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Technology Readiness Levels Are Widely Adopted

How many years has your company used TRLs?

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New tools, techniques, processes, and metrics are invented and tried out all the time. Some get great press out of the box because of the person or organization they are connected to. We hear about some of them and then a few years later we wonder where they went. Some have more quiet beginnings and disappear before we ever hear of them. About 99% follow this course within seven years. One can find them in internet searches, but that doesn’t tell you if they are being used.

There are a few methodologies that rise from the myriads and stand the test of time. We all know about them Robert Cooper’s Stage-Gate, Donald Clausing’s Concurrent Engineering, John Hauser’s QFD, Genrich Altshuller’s TRIZ, and 3M’s Vitality Index for new products. Well, we should add another to the list: Technology Readiness Levels . It has finally made the club.

Technology Readiness Levels (TRLs): TRLs have fast tracked their way around the world across many industries in a mere 17 years. TRIZ was a bit slower due to cultural barriers, but TRL’s adoption speed rivals those of other club members.

Another kid on the block is Return on Innovation, which is also known as "ROInnovation." It originated from several sources in the mid-2000s. It hasn't quite made the club yet, but it’s close. ROInnovation is an evolution of several ideas and a consistent approach to it has yet to settle-out in industry. This is quite the contrary for TRLs. Developed by the U.S. Department of Defense in the years surrounding the millennium, this fairly precise and logical technique was published as policy in the draft 2002 Defense Acquisition Guidebook.

TRLs got great press because a number of companies had to use them to report progress and needed to achieve various TRL levels to receive payment. So TRLs hit the ground running. NASA and other agencies loved them. The test of TRLs would be if they moved outside that sphere.

Many global defense companies, GE, Rolls-Royce, United Technologies, Boeing, and others have a good chunk of their business outside that sphere. Quickly after the technique was adopted it spread to the commercial side of the business. It was subsequently applied to company supply chains, and so rolled out. In the course of my travels, I caught wind of it at Tata in India, Bombardier in Canada, Embraer in Brazil, and the prestigious ITRI in Taiwan—all within a few years.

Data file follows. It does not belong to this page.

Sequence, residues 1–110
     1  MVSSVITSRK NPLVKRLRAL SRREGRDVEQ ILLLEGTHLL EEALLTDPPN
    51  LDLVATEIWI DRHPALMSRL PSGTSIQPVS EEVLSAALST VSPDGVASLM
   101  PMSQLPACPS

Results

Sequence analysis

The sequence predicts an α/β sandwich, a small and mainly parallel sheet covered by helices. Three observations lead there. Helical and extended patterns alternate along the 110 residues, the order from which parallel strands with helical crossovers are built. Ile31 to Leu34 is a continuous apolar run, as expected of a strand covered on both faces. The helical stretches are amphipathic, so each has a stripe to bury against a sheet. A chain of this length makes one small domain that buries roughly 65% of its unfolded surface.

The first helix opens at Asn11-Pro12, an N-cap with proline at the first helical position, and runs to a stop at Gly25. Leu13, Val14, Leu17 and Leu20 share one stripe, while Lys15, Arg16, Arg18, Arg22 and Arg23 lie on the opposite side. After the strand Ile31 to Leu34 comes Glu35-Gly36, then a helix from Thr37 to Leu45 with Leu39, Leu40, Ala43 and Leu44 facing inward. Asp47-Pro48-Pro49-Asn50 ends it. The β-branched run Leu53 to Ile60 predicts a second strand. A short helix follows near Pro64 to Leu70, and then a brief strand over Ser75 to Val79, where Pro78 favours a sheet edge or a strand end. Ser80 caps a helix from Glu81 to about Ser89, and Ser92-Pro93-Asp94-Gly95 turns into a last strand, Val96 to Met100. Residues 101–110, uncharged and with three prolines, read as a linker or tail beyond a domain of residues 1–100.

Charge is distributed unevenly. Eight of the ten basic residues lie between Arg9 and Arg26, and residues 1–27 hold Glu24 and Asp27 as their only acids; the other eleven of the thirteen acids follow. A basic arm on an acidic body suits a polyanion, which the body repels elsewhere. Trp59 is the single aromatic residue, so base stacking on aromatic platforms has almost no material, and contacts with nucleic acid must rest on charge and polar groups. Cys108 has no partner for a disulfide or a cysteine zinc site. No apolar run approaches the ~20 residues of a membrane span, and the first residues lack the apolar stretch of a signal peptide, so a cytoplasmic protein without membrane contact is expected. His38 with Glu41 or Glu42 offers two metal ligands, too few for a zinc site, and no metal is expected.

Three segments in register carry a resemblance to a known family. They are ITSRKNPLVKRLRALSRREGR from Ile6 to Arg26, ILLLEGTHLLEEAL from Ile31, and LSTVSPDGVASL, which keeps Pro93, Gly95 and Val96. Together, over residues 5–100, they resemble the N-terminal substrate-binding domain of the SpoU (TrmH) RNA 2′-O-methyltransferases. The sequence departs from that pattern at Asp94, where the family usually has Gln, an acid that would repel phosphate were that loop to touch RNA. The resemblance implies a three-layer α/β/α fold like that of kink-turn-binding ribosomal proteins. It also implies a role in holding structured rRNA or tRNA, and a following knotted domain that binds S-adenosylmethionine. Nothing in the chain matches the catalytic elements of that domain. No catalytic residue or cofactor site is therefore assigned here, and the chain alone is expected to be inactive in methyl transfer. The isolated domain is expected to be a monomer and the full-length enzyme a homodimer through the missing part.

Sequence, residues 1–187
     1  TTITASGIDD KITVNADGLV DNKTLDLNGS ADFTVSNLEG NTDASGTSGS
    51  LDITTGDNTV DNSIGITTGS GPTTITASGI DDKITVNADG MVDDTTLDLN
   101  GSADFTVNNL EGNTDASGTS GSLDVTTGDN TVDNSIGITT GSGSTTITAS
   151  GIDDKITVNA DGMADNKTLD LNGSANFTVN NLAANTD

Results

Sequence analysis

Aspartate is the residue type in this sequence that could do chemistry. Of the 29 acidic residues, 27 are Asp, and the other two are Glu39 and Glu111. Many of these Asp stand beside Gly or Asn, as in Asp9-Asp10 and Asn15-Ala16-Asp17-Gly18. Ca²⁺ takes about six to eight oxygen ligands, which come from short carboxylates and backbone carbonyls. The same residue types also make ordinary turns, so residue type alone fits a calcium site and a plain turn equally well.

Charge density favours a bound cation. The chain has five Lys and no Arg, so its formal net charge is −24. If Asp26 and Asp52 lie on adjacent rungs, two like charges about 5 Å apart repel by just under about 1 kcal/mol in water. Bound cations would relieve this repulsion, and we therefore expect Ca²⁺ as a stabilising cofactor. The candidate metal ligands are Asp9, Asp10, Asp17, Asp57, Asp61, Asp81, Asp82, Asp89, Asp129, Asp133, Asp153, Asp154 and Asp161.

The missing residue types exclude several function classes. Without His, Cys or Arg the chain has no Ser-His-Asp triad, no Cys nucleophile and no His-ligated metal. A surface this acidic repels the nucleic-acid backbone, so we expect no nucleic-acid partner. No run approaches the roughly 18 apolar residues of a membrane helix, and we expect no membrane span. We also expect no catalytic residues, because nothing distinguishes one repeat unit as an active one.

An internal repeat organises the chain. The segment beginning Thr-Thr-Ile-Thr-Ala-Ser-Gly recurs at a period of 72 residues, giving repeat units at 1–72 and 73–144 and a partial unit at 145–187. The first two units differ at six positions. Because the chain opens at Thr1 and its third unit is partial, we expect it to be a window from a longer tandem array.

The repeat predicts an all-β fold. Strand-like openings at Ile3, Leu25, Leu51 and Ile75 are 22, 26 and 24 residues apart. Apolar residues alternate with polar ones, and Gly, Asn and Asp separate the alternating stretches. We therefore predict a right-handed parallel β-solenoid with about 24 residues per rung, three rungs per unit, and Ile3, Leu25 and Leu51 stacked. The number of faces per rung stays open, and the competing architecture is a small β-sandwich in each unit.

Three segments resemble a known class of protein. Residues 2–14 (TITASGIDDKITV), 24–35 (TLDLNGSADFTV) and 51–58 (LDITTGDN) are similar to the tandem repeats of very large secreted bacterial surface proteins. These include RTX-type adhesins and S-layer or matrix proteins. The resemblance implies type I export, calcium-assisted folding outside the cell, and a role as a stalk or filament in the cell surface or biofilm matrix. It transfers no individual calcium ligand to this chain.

More recent travels came across it being used as a technology-rating instrument by the European Commission, and as a tool used by some European VC funds to determine investment portfolio appropriateness and/or the resultant level and duration of funding. These latest uses made it a member of the club.

Manufacturing Readiness Levels: TRLs come with an added benefit—they have associated “MRLs” that work with TRLs to monitor both product and process readiness. Most organizations that use TRLs also use MRLs at some level. Success breeds propagation.

In the years thereafter, Interface Readiness Levels (IRLs), System Readiness Levels (SRLs), and People Readiness Levels (PRLs) were created. Thankfully propagation stopped, but it had the benefit of fully underpinning the technique. Like QFD’s focus on nailing customer requirements at the start of the method, which remains a business priority 30 years later, we come to use the best part of the XRL family—the initial TRLs and MRLs.

The TRL Ecosystem: TRLs follow a logical, progressive 10-step process. At step 10, you sip the champagne. Information on the details of TRLs is plentiful, with articles and images abounding from every major continent. Most TRL descriptions do not adequately address intellectual property, a touchy subject with governments. Be sure to give your TRL and MRL levels a good look, and then plan your offensive and defensive intellectual property strategies accordingly. This is important regardless of whether you are a big company or a small maker looking for funding. In the latter case, the DARPA Hard Test for Innovation may also be of interest (a subject for another day).

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